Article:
Then & now: communication through the ages

Credit: 
Macinate

In 2015, getting in contact with someone is hardly ever a problem. From calling, text message and email to Snapchat, Skype and Facebook, there are a multitude of ways to chat. This generation is known for being in a constant state of interaction, but it wasnt always this easy.

Think about Romeo and Juliet. If only they had iMessage, then maybe they wouldnt have found themselves in such a pickle. Granted, weve come a long way from counting on messengers on horseback to deliver the memo.

There’s been a lot of advancement in how we stay connected. Its strange to think that there was once a time without even telephones — when the only way to talk to old friends was with pen and paper. Yet, it was once a reality.

Heres a look back at what it looked like, and the evolution of how we communicate.

Smoke signals
Used by Indigenous tribes in the 1500s

Smoke signals are actually one of the oldest forms of long-distance communication. Native tribes had their own signalling systems and soldiers in Ancient China would send smoke off the Great Wall during war.Even today, nothing quite says “help” like sending up some smoulder.

Pigeon post
Used by the Romans more than 2,000 years ago

These squawking birds werent always just an accessory to cobblestone streets and street meat stands. Thousands of years ago, pigeons were used as a means of communication. Pigeons would carry messages on tiny pieces of rolled up paper in a metal canister attached to their feet. They would be sent to their desired destination, sometimes by train, where they could then be given a response to fly back with.

Fun fact: pigeons actually have an internal compass that allows them to find their way home from thousands of kilometres away.

Snail mail
Earliest surviving piece of mail from 255 B.C.

Postal services have been around since humans learned how to write. Through the ages, transportation of snail mail has included dogsleds, donkeys, balloons and submarines. In 2006, Canada Post delivered about five billion pieces of mail, though annual volume has since dropped to below four billion. Nowadays, mail is usually junk, but it makes receiving the rare handwritten letter all the more special.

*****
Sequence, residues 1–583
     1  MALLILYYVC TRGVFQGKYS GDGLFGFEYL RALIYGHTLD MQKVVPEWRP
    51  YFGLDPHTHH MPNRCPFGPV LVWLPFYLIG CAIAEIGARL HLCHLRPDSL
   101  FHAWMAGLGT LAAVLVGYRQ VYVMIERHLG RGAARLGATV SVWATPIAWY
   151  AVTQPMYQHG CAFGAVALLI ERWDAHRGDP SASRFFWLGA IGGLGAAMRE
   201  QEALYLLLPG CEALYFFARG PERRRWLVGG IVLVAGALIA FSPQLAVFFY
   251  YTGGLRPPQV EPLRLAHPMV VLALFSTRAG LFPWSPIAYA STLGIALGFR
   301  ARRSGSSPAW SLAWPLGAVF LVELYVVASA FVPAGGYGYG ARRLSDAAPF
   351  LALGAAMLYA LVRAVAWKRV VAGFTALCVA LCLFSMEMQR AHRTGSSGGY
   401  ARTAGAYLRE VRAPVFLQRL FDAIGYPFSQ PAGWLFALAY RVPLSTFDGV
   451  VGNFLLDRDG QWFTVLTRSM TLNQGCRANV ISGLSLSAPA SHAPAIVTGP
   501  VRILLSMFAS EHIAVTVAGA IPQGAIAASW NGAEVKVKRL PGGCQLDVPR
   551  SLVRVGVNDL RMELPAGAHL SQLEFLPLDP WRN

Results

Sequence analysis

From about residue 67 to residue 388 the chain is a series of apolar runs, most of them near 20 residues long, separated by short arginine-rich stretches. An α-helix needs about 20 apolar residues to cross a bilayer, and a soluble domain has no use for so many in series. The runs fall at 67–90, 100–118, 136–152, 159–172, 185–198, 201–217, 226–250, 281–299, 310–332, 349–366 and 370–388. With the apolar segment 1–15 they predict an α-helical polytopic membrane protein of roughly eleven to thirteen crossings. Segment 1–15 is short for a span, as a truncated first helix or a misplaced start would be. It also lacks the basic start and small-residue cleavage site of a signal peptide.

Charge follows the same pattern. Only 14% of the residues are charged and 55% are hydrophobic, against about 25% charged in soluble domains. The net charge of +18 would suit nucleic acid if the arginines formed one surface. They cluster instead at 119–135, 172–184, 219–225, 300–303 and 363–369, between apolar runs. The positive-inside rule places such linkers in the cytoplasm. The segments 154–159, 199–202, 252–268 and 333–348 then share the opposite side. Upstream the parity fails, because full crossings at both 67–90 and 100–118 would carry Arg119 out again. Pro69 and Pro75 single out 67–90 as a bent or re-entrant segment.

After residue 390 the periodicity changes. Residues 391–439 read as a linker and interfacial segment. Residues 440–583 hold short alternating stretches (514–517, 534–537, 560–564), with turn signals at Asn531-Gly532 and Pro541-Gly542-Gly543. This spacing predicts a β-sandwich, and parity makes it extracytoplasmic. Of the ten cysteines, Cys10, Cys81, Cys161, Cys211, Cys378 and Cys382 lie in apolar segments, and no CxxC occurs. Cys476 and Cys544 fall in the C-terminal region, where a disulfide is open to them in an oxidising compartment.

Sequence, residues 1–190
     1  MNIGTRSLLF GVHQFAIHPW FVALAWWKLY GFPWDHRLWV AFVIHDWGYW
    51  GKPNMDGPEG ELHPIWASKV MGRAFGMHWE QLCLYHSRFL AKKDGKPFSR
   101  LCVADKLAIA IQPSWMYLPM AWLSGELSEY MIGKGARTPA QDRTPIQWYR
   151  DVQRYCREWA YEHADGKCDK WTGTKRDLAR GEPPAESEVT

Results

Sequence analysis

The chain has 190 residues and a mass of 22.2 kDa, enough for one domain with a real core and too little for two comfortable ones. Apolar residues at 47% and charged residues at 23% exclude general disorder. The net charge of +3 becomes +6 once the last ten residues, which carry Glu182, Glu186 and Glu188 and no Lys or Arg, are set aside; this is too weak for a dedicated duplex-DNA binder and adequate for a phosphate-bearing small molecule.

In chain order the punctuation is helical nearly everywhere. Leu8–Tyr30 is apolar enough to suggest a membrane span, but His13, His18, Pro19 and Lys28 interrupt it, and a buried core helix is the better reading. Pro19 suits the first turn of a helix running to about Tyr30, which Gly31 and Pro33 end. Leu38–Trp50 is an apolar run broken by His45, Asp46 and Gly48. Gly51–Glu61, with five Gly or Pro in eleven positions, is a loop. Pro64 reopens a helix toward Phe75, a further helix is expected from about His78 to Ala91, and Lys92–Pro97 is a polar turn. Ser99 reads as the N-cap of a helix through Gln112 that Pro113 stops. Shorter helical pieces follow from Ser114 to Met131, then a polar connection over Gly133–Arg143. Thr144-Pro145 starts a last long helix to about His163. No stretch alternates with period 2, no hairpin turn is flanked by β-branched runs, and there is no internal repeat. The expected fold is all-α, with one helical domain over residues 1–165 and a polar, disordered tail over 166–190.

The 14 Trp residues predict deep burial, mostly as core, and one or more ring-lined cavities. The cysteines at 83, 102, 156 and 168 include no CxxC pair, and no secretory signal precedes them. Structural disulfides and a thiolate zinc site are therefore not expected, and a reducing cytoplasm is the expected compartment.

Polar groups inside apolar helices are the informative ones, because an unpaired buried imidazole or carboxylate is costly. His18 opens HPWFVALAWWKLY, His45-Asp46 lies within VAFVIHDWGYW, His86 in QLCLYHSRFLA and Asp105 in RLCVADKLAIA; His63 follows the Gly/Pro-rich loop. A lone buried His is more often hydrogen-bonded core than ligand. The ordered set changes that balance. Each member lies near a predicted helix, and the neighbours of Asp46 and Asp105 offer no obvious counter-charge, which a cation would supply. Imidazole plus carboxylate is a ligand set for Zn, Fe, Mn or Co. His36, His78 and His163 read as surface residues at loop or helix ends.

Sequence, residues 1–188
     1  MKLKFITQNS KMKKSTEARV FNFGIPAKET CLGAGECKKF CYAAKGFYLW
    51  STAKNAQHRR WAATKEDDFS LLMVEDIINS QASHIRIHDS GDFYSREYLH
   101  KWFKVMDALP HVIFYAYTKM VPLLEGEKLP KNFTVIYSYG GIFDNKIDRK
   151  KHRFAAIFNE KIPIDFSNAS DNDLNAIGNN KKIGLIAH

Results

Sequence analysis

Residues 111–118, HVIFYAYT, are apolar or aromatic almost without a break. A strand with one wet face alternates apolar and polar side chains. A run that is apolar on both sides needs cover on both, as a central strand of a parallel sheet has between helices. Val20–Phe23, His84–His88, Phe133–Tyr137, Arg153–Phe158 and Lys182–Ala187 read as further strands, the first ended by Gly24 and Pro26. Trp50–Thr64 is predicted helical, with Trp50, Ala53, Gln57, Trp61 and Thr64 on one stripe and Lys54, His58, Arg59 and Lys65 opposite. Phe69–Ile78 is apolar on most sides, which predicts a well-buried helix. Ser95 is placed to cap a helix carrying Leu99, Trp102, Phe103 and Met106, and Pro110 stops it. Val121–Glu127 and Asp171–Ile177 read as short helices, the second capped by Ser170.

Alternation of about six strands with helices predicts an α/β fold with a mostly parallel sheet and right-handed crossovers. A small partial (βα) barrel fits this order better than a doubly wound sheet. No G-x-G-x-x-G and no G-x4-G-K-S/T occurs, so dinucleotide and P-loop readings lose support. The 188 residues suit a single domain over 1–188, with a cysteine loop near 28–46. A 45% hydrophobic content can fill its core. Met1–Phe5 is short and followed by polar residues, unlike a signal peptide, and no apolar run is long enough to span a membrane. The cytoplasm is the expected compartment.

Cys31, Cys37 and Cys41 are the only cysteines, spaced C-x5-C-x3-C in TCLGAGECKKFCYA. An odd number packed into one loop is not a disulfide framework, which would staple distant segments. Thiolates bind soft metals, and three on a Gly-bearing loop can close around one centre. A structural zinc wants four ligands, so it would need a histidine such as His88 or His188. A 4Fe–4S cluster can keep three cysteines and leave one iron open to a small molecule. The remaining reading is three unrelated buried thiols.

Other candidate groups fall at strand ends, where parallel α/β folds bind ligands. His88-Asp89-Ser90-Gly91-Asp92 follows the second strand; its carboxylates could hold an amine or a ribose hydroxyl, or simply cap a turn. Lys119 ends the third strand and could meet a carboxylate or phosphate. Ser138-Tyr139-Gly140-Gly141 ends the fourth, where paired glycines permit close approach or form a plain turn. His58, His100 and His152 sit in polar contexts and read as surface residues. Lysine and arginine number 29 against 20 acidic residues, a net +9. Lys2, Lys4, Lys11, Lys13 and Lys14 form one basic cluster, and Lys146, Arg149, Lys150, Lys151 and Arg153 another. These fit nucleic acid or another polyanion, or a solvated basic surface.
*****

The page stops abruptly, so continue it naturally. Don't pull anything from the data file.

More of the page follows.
Electrical telegraph
First American electrical telegraph invented in 1836

Telegraphy revolutionized communication by bidding goodbye to physically transported messages. First formally introduced in the 1830s and  1840s, electrical telegraphy used electrical currents sent through long wire — sometimes spanning across an ocean — to deliver messages across long  distances. Morse code was developed by assigning dots and dashes to certain letters to spell out messages.

Another fun fact: Nokias original text message — or rather, short message service — tone was actually “SMS” in morse code.

Telephone
First telephone patented in 1876

Ah, the telephone — a Canadian legacy. The first long-distance phone call was made by Alexander Graham Bell to his assistant, Thomas Watson, on Aug. 10, 1876, from Brantford to Paris, Ontario. Watson would also receive the first transcontinental phone call in 1915, where Bell said the same thing he said in 1876: “Mr. Watson, come here, I want to see you.” When Bell died in 1922, around 14 million telephones in the U.S. and Canada stopped ringing for one minute in his memory.

Text messaging
First text message sent in 1992

The first person to receive a text message was simply wished a “Merry Christmas”.

The concept of sending short, quick messages was first proposed by a man named Friedhelm Hillebrand in 1984. His idea that most sentences and questions fit within 160 characters lives on in todays 160-character text length and 140-character tweet length.

A study by Experian Marketing Services estimated that 18 to 25 year olds today send an average of 1,914 texts a month, but that may not even account for the tons of messages sent through WiFi rather than cellphone carriers. Now, a mobile phone isnt a necessary part of sending a text message. Text messaging over the internet is gaining ground with services like iMessage, WhatsApp and even Facebook messenger, which allow texts to be sent over devices such as tablets and iPods.

Video messaging
First camera phone sold in 1996 in Japan

The introduction of video calling changed the way people interact. Skype, for example, has probably salvaged many long-distance relationships. But apart from conference calling and video-chatting, apps like Snapchat and Periscope are changing the communication game. People can now rapidly interact face-to-face in small snippets, whether it be a single moment or emotion. They can also add elements to communication that don’t exist in real life — who doesnt love a good Snapchat filter?

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